It's estimated that about 788,000 people worldwide died of liver cancer in 2015, the second-leading cause of cancer deaths, according to the latest statistics from the World Health Organization. One of the major challenges in combatting this disease is detecting it early because symptoms often don't appear until later stages.
But a team of researchers led by University of Utah chemical engineering and chemistry professor Marc Porter and U surgeon and professor Courtney Scaife has developed a rapid portable screening test for liver cancer (hepatocellular carcinoma) that doesn't involve sending a specimen to a blood lab and cuts the wait time for results from two weeks to two minutes. This new and inexpensive test—the team is working to lower the cost to about $3 per test—can be administered wherever the patient is, which will be particularly valuable in developing nations with little access to hospitals.
The U's team—which includes Nano Institute of Utah research associate Jennifer Granger, chemical engineering doctoral student Alex Skuratovsky, and U surgery assistant professor Jill E. Shea—published their research in the latest issue of Analytical Methods describing how the test works for alpha-fetoprotein, a widely-used marker of liver cancer.
Currently, testing for liver cancer involves lab-based blood tests and ultrasound imaging, both of which require traveling to major cities and can often cost more than a month's salary in low- and middle-income countries.
"If we can develop a rapid test that performs at a high level of clinical accuracy," Porter says, "then we've got something that can have an impact on human lives."
Researchers also believe the test can be easily modified to detect infectious diseases such as tuberculosis, malaria and dengue fever, a mosquito-borne tropical disease that can be life-threatening.
The test uses a small domino-sized plastic cartridge containing a paper membrane that selectively traps biomarkers (proteins specific to a certain disease) from biological fluids. A small droplet of blood, saliva, or urine, or even a teardrop, from the patient is dropped onto the membrane. This is followed by the droplet of gold nanoparticles, which tags the biomarkers trapped in the membrane. If the biomarkers are present, a red spot appears, signaling the patient has the disease and should seek more testing and possible treatment.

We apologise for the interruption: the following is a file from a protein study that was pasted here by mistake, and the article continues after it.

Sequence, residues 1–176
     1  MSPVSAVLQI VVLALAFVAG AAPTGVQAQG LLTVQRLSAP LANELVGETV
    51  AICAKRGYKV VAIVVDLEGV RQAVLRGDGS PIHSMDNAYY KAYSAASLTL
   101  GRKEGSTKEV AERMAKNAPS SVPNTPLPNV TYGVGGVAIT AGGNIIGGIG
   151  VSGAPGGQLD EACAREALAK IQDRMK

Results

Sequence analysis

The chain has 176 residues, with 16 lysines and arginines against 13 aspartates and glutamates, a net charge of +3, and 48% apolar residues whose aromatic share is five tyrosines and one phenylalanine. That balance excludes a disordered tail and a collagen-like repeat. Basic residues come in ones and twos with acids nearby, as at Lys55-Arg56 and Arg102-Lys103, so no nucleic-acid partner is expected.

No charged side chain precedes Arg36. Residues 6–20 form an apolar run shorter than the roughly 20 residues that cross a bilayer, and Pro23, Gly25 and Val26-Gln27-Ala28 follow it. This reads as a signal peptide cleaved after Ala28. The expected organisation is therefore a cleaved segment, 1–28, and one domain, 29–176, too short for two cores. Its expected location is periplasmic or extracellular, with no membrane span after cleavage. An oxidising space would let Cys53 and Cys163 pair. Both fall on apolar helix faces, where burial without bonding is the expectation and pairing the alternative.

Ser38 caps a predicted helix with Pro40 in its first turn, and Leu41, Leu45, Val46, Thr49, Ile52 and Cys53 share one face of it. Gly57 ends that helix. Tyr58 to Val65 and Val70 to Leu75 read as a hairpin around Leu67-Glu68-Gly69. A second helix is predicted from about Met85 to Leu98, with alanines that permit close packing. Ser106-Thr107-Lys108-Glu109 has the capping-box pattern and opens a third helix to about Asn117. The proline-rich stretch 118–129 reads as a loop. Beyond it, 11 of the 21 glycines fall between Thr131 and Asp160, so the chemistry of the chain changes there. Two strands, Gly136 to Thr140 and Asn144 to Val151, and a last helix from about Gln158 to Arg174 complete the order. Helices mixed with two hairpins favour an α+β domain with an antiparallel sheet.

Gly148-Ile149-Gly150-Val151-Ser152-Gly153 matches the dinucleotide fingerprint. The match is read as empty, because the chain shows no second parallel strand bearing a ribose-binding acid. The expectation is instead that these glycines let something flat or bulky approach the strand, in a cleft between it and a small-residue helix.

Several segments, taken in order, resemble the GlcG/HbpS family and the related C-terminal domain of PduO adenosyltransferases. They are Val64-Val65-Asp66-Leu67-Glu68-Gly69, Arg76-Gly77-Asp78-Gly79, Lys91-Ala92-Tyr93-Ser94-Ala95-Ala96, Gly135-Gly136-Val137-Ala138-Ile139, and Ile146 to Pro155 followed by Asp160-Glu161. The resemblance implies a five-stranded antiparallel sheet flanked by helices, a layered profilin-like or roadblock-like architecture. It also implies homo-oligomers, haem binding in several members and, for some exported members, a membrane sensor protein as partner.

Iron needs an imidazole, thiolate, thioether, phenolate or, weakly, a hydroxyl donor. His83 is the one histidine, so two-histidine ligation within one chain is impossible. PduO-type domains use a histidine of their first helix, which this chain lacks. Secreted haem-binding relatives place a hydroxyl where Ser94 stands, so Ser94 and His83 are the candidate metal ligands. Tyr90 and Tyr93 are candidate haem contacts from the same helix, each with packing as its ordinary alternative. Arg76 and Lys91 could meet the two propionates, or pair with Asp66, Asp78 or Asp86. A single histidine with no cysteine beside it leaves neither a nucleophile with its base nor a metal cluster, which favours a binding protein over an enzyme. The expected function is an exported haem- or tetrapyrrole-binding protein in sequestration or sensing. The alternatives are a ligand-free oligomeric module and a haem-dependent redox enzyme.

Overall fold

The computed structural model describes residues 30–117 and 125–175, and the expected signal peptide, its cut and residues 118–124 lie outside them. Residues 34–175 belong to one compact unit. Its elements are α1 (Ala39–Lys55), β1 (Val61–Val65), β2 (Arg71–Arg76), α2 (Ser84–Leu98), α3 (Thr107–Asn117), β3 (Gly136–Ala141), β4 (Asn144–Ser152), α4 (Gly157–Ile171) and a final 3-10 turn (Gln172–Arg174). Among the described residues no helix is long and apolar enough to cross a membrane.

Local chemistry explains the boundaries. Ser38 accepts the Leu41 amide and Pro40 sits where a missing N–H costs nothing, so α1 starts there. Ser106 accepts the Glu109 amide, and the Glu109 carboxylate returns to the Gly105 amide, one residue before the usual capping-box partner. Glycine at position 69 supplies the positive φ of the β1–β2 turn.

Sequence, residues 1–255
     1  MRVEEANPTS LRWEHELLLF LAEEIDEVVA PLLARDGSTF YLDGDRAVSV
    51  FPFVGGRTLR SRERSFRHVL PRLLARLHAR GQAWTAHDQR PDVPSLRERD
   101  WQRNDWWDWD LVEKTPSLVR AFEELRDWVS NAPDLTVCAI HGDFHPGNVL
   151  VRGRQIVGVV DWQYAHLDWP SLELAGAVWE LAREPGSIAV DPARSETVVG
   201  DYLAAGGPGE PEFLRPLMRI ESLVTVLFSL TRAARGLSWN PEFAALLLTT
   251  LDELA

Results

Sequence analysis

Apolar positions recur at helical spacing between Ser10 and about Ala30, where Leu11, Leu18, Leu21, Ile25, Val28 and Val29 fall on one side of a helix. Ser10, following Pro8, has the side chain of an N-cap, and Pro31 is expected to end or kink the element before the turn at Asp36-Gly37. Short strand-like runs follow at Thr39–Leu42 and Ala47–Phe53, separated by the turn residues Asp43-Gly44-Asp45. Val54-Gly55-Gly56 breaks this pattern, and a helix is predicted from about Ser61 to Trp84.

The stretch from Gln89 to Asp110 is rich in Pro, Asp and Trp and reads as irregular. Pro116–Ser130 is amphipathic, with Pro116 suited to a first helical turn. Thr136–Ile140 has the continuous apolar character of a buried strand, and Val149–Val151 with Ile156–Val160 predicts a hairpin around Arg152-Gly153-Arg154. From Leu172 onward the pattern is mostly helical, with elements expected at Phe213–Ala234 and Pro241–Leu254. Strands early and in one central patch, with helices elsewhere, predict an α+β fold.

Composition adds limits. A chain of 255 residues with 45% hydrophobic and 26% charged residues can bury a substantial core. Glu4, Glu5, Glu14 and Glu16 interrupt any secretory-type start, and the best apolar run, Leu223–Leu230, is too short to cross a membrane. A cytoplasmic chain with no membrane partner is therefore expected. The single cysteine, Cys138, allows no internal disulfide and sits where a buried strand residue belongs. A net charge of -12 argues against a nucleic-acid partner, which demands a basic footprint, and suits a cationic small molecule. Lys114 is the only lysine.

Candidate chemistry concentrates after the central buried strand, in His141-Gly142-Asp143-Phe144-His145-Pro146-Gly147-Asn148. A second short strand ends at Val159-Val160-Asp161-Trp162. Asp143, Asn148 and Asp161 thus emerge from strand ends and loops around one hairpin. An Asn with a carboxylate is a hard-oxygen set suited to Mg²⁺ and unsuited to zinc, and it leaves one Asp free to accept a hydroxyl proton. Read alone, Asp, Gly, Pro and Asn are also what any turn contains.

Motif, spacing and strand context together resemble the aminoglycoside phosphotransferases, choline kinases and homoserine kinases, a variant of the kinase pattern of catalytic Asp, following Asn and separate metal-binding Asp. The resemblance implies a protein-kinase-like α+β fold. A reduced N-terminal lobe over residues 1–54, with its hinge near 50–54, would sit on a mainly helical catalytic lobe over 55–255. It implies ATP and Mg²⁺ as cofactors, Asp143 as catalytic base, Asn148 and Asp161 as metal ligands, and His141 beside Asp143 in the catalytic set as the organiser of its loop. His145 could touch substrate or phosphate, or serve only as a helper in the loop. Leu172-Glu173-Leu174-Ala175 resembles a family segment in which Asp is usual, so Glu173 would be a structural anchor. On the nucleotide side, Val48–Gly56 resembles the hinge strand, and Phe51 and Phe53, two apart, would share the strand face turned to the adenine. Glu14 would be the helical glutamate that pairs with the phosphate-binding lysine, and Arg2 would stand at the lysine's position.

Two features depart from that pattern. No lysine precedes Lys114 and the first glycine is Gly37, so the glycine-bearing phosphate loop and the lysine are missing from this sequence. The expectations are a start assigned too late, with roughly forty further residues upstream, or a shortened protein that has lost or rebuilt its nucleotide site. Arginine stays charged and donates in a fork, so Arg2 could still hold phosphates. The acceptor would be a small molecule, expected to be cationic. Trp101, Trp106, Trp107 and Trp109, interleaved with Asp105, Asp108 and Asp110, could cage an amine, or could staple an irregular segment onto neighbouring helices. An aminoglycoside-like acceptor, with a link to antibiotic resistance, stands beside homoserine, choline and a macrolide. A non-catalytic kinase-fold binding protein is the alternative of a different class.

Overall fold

"The concept is similar to a home pregnancy test, but instead of flowing laterally, it flows through the membrane," says Granger, the lead author on the paper.
A handheld spectrometer manufactured by project collaborator B&W Tek, a Delaware-based manufacturer of mobile spectrometers, can analyze the membranes and measure how much of the biomarkers is present, which in the future could determine the severity of the disease or how a patient is responding to treatment.
The idea for the test is a spinoff of a similar test Porter developed eight years ago that astronauts on the International Space Station used to test the cleanliness of their drinking water. "This is a smarter offshoot of that," says Porter, who also is the director of the Nano Institute of Utah.
Now that the team has proven the concept with liver cancer and built a prototype test kit, researchers plan to evaluate the technology in Mongolia in spring of 2019. The East Asian country has the highest rate of liver cancer in the world.
The project was funded by grants from the National Institutes of Health, the National Cancer Institute through the Affordable Cancer Technologies Program, and the Huntsman Cancer Institute. The team also received funding from Utah-based nutritional supplement company, USANA, which is interested in using a form of the test for customers with certain vitamin deficiencies.
"USANA has a keen interest in the ability to measure certain vitamins and biomarkers in various bodily fluids that can be related to a person's health status," said Mark Brown, Executive Director of Laboratory Sciences at USANA. "This would allow our customers to see for themselves the benefit of taking USANA's high quality products. Rather than taking a blood sample and sending it off to lab for analysis, this technology could make it possible for people to do their own analysis in the comfort of their own home. Small sample size and simplicity of use are crucial components of making this a reality, and this research is a step closer to that end."
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Provided by University of Utah